It’s the first of October. With a turn of a calendar page, I become giddy with excitement. The air is a bit colder, the leaves are¬†a variety of colors and falling to the ground, and it’s time to break out the pumpkin recipes. October has always been my favorite month. I love the colder weather and all that it brings. Football season, homecoming parades, corn mazes, picking out your own pumpkin, and rediscovering your favorite warm sweater that has been in storage all summer long. My favorite month is capped off with my favorite holiday, Halloween.
I love Halloween for a variety of reasons (my earliest was free candy), but one is the ghost stories. The days are shorter, the wind howls outside your window, there’s a chill in the air, and it’s the perfect atmosphere¬†to hear about paranormal happenings. My love for spooky things originally stemmed from It’s the Great Pumpkin, Charlie Brown and Garfield’s Halloween Adventure, but I graduated to Christopher Pike novels and collections of ghost stories I’d pick up at my school’s book fair. Granted, most of the ghost stories I heard and told back then were urban legends, I did have some verified local legends to pass along to my friends.
Great-grandpa Fred was a storyteller. In his thick German accent, he’d sit down and tell a story to anyone who would listen. He died a year before I was born, but we have some tape recordings of him telling many local stories. He was a strong believer in ghosts and told the following story with great seriousness.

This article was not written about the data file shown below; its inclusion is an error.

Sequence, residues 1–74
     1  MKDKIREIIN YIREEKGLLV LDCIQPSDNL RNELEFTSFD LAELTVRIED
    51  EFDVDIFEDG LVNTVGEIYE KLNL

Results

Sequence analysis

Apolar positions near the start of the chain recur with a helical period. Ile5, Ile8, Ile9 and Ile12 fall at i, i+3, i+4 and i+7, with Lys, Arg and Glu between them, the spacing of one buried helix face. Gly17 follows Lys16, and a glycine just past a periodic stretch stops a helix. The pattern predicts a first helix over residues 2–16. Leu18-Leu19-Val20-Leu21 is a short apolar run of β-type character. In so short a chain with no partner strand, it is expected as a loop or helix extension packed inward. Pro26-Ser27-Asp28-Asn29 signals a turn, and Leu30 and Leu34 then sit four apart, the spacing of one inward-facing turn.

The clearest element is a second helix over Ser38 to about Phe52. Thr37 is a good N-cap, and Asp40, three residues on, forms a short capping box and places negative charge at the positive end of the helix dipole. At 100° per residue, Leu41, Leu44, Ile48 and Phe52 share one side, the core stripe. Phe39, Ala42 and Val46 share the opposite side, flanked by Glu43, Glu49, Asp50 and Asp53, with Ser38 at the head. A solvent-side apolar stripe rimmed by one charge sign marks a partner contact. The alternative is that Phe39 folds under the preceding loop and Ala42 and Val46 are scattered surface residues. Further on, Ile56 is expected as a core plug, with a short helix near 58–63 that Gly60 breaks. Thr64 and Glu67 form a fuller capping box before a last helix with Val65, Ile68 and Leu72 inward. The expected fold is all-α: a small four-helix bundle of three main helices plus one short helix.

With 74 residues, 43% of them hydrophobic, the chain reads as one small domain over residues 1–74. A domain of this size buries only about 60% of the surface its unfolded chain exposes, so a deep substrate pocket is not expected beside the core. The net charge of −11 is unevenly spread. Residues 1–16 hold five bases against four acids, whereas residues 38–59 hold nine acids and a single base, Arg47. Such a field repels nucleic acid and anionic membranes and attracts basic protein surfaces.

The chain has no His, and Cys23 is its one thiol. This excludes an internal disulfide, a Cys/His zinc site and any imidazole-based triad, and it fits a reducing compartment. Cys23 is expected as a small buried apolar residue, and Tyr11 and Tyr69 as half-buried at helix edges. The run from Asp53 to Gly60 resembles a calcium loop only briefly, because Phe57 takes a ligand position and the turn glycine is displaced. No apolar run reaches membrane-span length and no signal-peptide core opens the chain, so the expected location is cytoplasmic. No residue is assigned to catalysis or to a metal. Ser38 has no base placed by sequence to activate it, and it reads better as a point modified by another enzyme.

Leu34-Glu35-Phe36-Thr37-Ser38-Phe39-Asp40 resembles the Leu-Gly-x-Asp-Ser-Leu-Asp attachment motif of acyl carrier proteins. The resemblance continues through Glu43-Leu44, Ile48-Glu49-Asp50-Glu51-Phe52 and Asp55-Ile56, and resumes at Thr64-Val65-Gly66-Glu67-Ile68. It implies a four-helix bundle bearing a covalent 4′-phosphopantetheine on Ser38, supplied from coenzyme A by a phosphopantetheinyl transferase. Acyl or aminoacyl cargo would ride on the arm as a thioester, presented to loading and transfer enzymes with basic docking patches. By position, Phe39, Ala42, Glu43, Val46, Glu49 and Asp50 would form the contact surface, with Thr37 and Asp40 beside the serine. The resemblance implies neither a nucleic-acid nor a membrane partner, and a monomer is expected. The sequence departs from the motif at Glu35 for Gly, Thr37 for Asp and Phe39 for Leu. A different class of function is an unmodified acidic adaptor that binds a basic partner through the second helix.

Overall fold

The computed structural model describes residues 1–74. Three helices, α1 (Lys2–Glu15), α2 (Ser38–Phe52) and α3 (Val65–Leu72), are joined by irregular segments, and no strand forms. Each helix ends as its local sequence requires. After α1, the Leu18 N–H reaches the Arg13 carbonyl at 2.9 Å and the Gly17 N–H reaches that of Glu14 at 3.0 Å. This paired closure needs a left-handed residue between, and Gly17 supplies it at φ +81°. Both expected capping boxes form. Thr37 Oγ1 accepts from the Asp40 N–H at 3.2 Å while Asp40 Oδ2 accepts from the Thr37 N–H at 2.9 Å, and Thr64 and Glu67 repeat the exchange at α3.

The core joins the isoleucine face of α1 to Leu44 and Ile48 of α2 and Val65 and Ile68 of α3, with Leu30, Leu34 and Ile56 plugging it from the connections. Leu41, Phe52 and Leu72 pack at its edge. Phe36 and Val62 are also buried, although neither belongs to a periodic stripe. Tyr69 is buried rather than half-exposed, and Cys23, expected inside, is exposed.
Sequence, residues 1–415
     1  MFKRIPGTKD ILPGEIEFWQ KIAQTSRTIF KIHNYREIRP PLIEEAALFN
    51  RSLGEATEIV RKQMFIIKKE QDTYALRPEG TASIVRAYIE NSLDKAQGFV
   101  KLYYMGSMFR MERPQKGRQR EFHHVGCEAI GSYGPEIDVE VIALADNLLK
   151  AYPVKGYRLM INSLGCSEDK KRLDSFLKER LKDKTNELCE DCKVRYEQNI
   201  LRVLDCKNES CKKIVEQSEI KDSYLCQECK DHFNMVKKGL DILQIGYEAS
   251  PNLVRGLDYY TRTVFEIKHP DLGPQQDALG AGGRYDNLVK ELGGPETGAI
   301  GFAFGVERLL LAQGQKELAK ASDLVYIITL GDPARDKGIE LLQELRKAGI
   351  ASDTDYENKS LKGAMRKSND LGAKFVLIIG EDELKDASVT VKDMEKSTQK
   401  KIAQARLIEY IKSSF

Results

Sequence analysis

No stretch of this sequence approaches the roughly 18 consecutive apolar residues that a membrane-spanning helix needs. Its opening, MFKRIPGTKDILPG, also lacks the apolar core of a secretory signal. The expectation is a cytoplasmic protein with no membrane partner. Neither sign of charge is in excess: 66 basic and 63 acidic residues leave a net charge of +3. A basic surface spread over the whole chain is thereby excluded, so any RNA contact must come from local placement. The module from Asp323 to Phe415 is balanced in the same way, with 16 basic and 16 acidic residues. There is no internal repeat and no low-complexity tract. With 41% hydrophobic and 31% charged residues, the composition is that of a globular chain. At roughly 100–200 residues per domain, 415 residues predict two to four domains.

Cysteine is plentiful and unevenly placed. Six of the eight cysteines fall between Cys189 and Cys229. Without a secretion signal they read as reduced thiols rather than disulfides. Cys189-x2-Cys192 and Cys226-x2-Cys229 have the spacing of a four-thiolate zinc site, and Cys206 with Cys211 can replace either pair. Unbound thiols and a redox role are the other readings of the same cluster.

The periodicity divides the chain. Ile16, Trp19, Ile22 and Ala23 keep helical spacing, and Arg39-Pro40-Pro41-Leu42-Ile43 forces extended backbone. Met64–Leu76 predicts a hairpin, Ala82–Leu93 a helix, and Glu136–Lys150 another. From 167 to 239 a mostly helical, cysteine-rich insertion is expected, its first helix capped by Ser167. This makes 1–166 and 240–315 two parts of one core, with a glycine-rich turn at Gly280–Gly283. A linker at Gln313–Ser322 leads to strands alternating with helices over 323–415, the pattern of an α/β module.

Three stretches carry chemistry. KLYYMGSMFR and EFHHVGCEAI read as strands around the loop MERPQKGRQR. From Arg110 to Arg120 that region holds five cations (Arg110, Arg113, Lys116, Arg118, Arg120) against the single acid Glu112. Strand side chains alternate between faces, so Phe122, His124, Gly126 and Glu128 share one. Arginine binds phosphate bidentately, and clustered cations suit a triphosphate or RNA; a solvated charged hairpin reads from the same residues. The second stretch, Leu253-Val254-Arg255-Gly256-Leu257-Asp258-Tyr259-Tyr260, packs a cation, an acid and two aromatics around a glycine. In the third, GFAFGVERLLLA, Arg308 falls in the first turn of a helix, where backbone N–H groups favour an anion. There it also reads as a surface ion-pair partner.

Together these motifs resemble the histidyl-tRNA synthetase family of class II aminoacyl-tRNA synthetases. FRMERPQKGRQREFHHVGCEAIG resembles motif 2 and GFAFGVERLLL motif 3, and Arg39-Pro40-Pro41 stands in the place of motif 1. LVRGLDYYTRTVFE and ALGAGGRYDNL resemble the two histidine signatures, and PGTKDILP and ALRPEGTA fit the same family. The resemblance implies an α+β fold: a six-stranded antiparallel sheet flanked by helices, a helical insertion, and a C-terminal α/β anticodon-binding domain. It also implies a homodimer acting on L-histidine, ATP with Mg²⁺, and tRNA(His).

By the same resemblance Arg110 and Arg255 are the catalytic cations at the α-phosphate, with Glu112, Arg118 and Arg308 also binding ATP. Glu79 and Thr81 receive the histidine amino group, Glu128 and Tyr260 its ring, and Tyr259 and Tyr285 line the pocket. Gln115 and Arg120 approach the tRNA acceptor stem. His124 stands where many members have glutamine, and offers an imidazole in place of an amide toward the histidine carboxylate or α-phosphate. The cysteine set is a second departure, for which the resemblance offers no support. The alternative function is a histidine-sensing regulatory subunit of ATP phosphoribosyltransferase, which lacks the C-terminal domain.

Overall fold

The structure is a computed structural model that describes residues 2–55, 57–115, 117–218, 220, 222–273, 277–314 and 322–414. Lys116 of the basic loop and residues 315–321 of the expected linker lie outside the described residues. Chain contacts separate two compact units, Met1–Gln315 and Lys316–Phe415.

In the¬†early 1900s,¬†a neighbor had killed his wife. She was going down the steps to fetch some food and he came up behind her and stabbed her. Word got out, he was arrested, and was sent to the¬†local jail. Being this was near a small village, everyone knew him and what he had done. My great aunt was walking the few miles to town and looked up to see the neighbor who had murdered his wife walking towards her on the walking path. She was rather shocked to see him, being that he was supposed to have been in jail.¬†Not wanting to provoke him, she stepped off the path without a word and let him pass. He walked past her, without a word or a glance in her direction, and she got back on the walking path and hurried to town, eager to tell people that the neighbor was out of¬†jail. My great aunt received quite a shock when she arrived in town to the buzz of gossip that the neighbor had committed suicide in jail the night before. My great aunt had no idea that she had stepped aside to let a ghost pass by.
My best friends lived on the farm of where the murder happened (the house had been torn down and another built in another location). They lived the next farm over from me, and we spent many days walking through the woods between our farms.¬†Every October, when Halloween was in our sights, someone would bring up the story¬†about the ghostly neighbor and we’d pretend to be ghostbusters and try and find him. We’d scare ourselves to the point we’d go running to the safety of the house, screaming the entire way. We never did find him.
I love a good ghost story, especially when they are in your backyard. What’s your favorite local ghost story?